Teri McDowell Ott
I thought I'd get bored by the problems of the young. But I've grown to cherish interactions with students—especially the religiously unaffiliated.
I caught myself getting overwhelmed one night. I’d been distracting myself from my stress all day long—running from meeting to meeting, answering emails, sending e-mails, moving from one uncompleted task on my desk to the next. When I finally got home and needed to focus on my children, though, I no longer had the energy to distract myself. So the stress I had successfully avoided all day slowly began to unravel itself and take over. The power of emotion is extraordinary.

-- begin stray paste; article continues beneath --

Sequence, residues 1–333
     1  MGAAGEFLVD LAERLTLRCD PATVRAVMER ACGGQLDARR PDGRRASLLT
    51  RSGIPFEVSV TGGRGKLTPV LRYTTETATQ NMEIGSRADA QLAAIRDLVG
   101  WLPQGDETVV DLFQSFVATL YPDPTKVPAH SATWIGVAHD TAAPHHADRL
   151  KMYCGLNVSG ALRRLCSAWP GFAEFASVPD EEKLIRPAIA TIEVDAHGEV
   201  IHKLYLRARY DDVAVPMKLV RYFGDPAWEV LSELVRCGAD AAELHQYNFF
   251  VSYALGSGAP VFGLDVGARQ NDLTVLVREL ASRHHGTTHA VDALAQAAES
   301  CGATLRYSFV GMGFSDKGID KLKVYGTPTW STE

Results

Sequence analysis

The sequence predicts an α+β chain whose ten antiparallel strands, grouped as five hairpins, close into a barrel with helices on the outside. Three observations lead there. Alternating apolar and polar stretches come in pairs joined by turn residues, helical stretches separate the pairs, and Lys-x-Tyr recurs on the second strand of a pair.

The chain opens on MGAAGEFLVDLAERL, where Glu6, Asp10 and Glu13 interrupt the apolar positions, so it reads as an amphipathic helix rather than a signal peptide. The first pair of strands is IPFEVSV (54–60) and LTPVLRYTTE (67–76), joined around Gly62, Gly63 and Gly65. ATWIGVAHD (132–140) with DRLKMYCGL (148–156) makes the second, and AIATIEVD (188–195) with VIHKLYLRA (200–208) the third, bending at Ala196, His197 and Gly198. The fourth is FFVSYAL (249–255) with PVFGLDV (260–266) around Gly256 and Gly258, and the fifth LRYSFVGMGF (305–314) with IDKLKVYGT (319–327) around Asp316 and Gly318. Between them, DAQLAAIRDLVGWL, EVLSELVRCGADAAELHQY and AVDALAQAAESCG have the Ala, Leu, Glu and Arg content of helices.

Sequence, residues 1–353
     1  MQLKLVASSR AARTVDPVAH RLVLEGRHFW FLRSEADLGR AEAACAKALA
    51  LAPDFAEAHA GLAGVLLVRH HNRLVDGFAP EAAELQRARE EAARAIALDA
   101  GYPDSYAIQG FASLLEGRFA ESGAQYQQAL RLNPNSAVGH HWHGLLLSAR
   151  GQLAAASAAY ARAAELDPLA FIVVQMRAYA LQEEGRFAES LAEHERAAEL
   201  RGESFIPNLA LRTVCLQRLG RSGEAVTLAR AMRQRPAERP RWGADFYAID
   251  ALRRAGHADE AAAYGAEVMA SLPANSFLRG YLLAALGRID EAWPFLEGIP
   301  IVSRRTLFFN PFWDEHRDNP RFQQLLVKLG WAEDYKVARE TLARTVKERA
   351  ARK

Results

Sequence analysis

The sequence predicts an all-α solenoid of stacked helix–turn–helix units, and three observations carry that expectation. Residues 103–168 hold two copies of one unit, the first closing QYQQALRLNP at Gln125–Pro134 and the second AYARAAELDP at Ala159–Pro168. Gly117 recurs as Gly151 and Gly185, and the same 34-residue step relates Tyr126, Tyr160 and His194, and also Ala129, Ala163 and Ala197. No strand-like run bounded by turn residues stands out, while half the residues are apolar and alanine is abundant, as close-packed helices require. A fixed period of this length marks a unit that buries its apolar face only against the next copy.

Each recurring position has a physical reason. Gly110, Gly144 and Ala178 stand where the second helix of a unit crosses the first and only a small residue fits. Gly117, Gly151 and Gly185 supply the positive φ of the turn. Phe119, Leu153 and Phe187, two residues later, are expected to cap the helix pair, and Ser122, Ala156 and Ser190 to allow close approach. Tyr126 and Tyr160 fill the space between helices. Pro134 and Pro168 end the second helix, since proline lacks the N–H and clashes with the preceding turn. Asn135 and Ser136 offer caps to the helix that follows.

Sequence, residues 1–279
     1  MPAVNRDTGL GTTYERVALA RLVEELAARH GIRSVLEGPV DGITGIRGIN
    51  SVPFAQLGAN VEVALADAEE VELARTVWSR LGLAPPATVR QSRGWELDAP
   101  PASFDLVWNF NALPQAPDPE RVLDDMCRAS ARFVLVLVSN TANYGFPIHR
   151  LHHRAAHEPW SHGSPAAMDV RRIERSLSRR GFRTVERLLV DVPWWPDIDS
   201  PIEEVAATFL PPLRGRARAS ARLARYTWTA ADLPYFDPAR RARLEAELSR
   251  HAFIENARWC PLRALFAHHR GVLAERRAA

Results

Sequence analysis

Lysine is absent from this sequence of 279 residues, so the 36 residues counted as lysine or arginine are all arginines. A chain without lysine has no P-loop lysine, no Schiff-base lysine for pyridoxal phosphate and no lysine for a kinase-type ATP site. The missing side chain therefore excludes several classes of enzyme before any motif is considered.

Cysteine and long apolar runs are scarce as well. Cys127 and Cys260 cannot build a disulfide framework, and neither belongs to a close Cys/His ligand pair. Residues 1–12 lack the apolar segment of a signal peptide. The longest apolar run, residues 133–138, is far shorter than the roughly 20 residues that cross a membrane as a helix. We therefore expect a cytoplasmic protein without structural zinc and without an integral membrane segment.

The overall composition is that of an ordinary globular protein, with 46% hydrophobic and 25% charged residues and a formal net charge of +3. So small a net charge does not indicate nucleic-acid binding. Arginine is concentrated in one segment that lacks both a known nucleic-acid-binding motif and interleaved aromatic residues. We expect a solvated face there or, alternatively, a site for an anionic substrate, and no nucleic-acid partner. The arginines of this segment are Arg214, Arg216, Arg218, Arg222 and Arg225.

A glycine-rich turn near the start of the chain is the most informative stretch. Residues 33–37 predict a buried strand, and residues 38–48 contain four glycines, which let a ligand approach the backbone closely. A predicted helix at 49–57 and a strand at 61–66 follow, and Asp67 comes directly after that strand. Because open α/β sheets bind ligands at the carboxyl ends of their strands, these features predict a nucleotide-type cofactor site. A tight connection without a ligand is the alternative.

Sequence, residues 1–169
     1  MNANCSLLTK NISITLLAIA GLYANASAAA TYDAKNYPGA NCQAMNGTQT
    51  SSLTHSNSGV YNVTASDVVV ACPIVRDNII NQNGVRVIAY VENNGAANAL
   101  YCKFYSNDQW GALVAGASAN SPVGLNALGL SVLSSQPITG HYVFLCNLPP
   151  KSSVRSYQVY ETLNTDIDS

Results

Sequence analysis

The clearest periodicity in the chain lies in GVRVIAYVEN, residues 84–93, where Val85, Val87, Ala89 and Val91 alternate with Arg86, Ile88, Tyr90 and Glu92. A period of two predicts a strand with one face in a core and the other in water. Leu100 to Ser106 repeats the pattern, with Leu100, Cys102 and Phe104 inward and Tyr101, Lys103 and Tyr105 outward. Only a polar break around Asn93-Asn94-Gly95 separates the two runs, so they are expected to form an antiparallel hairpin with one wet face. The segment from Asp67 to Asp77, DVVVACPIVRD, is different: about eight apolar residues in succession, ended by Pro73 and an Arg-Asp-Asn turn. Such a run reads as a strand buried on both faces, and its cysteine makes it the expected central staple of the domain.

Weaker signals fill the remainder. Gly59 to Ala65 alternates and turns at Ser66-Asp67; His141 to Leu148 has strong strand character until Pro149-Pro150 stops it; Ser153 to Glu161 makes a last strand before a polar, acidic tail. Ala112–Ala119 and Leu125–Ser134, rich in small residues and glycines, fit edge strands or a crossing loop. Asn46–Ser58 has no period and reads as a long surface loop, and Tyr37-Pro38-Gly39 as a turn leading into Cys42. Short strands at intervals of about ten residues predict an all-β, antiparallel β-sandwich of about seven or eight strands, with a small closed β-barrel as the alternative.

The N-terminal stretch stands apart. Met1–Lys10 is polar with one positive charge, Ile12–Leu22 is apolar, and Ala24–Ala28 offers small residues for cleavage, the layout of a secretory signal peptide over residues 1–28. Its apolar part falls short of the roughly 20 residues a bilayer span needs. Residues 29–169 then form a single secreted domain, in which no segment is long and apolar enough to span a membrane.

I have three fantastic student interns this year who are learning about the hard work of welcoming. At our college’s Presbyterian House we host a “Dinner and Devotion” program every Sunday that we advertise as “All Students Welcome.” Of course, not all students feel welcome attending a religious and spiritual life program, unless you work hard to let them know that you mean it—that they really are all welcome.
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